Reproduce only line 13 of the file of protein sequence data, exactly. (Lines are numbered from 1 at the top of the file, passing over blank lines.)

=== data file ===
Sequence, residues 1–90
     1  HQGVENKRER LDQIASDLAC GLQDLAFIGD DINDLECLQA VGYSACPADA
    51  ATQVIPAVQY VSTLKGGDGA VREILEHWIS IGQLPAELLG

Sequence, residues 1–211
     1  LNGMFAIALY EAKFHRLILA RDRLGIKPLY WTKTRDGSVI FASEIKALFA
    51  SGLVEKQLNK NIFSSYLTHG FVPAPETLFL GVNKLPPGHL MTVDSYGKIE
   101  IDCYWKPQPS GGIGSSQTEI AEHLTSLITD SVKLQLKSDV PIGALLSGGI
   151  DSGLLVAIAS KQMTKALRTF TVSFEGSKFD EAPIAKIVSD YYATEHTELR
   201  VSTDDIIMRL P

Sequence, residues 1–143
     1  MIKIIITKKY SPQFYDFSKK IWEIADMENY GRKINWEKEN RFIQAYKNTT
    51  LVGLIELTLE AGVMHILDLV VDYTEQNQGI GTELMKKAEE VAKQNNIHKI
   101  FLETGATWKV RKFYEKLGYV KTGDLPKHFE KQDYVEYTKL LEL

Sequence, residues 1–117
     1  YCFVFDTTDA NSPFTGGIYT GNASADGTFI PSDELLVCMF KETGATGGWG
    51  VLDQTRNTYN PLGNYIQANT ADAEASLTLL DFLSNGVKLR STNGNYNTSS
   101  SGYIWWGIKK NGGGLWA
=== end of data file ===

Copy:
   101  FLETGATWKV RKFYEKLGYV KTGDLPKHFE KQDYVEYTKL LEL